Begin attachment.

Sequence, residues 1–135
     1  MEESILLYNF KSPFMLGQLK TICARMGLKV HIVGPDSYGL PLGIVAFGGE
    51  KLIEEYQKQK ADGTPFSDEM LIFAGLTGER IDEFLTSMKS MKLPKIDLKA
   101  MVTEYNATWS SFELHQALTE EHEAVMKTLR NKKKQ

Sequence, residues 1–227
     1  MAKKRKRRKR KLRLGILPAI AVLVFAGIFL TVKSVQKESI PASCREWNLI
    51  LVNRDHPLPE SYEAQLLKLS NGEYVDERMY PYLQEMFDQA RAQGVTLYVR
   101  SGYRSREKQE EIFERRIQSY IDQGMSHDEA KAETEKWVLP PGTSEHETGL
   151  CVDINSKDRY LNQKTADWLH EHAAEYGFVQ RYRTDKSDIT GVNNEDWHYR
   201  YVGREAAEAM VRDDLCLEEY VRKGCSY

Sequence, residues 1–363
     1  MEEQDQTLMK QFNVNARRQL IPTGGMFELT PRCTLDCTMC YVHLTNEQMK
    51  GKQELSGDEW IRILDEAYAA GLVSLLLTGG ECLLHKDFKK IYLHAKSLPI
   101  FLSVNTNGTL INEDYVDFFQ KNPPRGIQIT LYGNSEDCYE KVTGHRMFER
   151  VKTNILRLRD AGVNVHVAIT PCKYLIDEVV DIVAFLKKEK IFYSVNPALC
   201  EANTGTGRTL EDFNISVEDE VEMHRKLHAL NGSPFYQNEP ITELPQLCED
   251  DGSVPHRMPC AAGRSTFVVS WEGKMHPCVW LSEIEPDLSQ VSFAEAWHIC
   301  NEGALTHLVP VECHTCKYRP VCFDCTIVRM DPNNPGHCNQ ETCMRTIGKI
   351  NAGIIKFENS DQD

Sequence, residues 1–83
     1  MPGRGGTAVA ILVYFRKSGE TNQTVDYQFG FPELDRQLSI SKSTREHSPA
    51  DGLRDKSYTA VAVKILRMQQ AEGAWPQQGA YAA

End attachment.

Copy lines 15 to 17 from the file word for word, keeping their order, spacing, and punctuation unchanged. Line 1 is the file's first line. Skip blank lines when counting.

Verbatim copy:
   151  VKTNILRLRD AGVNVHVAIT PCKYLIDEVV DIVAFLKKEK IFYSVNPALC
   201  EANTGTGRTL EDFNISVEDE VEMHRKLHAL NGSPFYQNEP ITELPQLCED
   251  DGSVPHRMPC AAGRSTFVVS WEGKMHPCVW LSEIEPDLSQ VSFAEAWHIC